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2D Integrating With Quadratic Arg. of Delta Function

  1. May 19, 2017 #1
    1. The problem statement, all variables and given/known data
    I have a 2D integral that contains a delta function:

    ##\int_{-\infty}^{\infty}\int_{-\infty}^{\infty}\exp{-((x_2-x_1)^2)+(a x_2^2+b x_1^2-c x_2+d x_1+e))}\delta(p x_1^2-q x_2^2) dx_1 dx_2##,

    where ##x_1## and ##x_2## are variables, and a,b,c,d,e,p and q are some real constants.

    2. Relevant equations
    How can one integrate this without resulting in poles. Because integral over, for example, ##x_1## leads to a pole, given the property of delta function.

    3. The attempt at a solution
    If inside the delta function, the argument would be ##x_1^2+x_2^2##, and not ##x_1^2-x_2^2##, then one could go to polar coordinates, and get rid of the poles coming from the delta function integral. Sadly, this is not the case here.
    Further one can get rid of pole by going into hyperbolic coordinates ##x_1=RCosh(\theta)## and ##x_2=RSinh(\theta)##. The R integral can be done exactly because the poles cancel out due to Jacobian. However, the integral over ##\theta## then becomes unbounded. So this method also has a problem. Is there a smarter way to perform integral with quadratic argument of delta function without encountering poles?
     
  2. jcsd
  3. May 19, 2017 #2

    Ray Vickson

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    If ##p,q > 0## we have ##px_1^2 - q x_2^2 = ( \sqrt{p} x_1 -\sqrt{q} x_2)(\sqrt{p} x_1 + \sqrt{q} x_2)##, so near ##\sqrt{p} x_1 = \sqrt{q} x_2## the ##\delta##-function looks like ##\delta( (\sqrt{p} x_1 - \sqrt{q} x_2) 2 \sqrt{q} x_2)##, but near ##\sqrt{p}x_1 = -\sqrt{q} x_2## it looks like ##\delta((\sqrt{p} x_1 + \sqrt{q} x_2) (-2 \sqrt{q} x_2)##. That makes the ##x_1##-integration easy.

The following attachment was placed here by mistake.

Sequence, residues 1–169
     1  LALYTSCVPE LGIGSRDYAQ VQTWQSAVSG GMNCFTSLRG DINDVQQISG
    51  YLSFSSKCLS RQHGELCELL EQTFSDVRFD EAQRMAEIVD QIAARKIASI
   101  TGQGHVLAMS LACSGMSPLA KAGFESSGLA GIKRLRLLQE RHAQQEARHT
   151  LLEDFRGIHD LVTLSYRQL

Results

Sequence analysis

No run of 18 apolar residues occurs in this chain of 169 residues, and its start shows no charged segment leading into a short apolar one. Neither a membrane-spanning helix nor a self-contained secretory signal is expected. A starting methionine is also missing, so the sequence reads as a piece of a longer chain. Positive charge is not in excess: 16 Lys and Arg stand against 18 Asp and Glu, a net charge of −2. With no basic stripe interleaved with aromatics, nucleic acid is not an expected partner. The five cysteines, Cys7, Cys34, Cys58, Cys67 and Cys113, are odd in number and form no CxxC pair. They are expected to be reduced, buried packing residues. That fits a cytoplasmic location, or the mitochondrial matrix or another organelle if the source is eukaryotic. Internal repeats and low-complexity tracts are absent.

4. May 19, 2017 #3
    What if, I modify my argument of the delta function a little bit, which looks as follows:

    ##\delta(px_1^2 - q x_2^2 +r x_1-s x_2+\epsilon)##, where r, s and ##\epsilon## are again some constants.

    Does your argument still hold?
    In fact, I just noticed that, your arrangement of the argument still doesn't solve the pole problem. Since ##\frac{d}{dx_1}((\sqrt{p} x_1 + \sqrt{q} x_2) (-2 \sqrt{q} x_2)## is ##x_2##, which basically becomes the denominator of the integrand.
     
  5. May 19, 2017 #4

    Ray Vickson

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    You rare asking a new question, so it should go in a new thread. Anyway, you can certainly try to answer it for yourself, perhaps using the old response as aI have given a hint, and that is just about all the PF rules allow me to do.
     
  6. May 19, 2017 #5
    Thanks. But I think it is safe to say that your argument still leads to pole, which is linear in ##x_2##. Thanks though for replying
     
  7. May 19, 2017 #6

    Ray Vickson

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    I am not sure the integral is well-defined. To simplify the discussion, let's change variables to ##u = \sqrt{p} x_1 - \sqrt{q} x_2## and ##v = \sqrt{p} x_1 + \sqrt{q} x_2##. Changing variables gives
    $$\int \int F(u,v) \delta(uv) \frac{du dv}{2 \sqrt{pq}}$$
    Along the line ##u = 0## we have ##\delta(uv) = (1/v) \delta(u)##, which is OK as long as ##v \neq 0##. Similarly, along the line ##v = 0## we get ##(1/u) \delta(v)##, and that is OK as long as ##u \neq 0##. The trouble happens where the two lines ##u = 0## and ##v = 0## intersect. I am not sure the ##\delta## even makes sense at such a point. As you say, you get poles or order 1, but the ##F##-part of the integrand is not zero at the pole locations, so you do not get cancellation. As an ordinary integral the result may not exist, but perhaps it does exist a some type of Cauchy Principal value. (But what would be the justification for such a re-interpretation if it did happen to work?)
     
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